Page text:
In Super Tire, the Supreme Court held that because the strike that prompted that suit ended before the case could be resolved, the employer's request for an injunction preventing payment of welfare benefits during the strike was moot. However, the Court observed that the employer's request for declaratory relief was not moot, because its subsequent relations with the union would be affected by the ongoing state policy of providing public assistance to strikers, and because the challenged law was in no way contingent or subject to the discretion of an enforcing body, but was fixed and definite.Id. at 1428-29 (internal citations and quotation marks omitted).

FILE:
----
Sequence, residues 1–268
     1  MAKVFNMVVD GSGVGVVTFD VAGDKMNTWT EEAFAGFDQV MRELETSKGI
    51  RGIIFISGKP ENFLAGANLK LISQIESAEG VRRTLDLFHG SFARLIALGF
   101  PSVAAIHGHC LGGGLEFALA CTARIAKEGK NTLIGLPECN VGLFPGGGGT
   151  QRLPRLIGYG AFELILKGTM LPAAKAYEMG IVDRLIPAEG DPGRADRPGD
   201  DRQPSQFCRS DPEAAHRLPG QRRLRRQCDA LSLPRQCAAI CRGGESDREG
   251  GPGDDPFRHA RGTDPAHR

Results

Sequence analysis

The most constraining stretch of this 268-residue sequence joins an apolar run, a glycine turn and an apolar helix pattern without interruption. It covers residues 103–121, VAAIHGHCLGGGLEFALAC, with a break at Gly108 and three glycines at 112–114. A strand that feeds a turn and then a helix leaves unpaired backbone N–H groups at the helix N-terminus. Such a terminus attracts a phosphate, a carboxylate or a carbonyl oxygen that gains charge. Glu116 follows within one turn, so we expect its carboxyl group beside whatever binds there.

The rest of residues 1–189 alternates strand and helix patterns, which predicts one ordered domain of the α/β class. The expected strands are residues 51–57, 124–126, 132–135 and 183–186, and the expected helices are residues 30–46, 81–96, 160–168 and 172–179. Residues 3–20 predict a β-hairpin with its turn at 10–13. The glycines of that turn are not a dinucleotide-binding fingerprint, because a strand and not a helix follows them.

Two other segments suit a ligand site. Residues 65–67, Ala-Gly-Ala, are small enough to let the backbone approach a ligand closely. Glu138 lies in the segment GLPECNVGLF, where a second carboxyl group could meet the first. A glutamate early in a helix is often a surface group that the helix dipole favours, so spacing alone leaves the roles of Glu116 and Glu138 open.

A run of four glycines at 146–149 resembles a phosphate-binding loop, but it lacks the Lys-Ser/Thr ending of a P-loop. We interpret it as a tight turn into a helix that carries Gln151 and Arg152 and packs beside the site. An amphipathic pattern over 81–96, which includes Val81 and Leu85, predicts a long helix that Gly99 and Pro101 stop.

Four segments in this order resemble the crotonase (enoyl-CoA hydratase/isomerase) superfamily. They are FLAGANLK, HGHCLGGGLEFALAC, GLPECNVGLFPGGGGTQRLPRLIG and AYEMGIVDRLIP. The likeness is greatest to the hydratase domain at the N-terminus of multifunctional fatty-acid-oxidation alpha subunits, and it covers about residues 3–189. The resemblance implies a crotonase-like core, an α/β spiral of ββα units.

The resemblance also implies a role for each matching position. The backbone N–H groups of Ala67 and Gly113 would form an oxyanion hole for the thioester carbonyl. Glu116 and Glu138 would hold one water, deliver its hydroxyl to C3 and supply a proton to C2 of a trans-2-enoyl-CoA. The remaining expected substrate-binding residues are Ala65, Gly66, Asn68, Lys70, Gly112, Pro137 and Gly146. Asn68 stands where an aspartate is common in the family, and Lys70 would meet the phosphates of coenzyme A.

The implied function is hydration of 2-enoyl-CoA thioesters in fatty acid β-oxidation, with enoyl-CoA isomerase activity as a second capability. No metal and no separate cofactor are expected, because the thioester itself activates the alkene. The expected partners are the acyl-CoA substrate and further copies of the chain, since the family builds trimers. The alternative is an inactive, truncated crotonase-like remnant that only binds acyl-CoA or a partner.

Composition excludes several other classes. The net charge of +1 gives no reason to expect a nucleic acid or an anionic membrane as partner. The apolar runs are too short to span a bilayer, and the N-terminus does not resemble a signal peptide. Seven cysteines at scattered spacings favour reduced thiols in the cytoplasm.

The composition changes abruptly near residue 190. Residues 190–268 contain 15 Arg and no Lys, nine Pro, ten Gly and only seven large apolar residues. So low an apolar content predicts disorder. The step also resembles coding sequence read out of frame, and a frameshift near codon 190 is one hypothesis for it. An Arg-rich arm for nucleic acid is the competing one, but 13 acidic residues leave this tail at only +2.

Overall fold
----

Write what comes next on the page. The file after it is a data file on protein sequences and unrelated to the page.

The Circuit's reading of Super Tire highlights two critical differences between that case and this one. First, the policy in Super Tire—that striking workers engaged in labor disputes would be eligible for state assistance benefits—allegedly injured the corporate plaintiffs regardless whether a strike was actually occurring. 416 U.S. at 124. Because "[e]mployees know that if they go out on strike, public funds are available," the Supreme Court explained, "this eligibility affects the collective-bargaining relationship, both in the context of a live labor dispute when a collective-bargaining agreement is in process of formulation, and in the ongoing collective relationship[.]" Id. As a result, whether workers were actively receiving state benefits during a strike was almost besides the point; the state's policy was "a factor lurking in the background of every incipient labor contract." Id. Second, and related to the first point, the effect of the policy was "not contingent upon executive discretion." Id. That the state may for some reason choose not to award benefits to some striking workers made no difference to the corporate plaintiffs, because it "[was] the basic eligibility for assistance that allegedly prejudices [their] economic position." Id. at 124 n.8. As a consequence, the challenged policy, at least according to the plaintiffs, was "immediately and directly injurious to [their] economic positions." Id. at 125.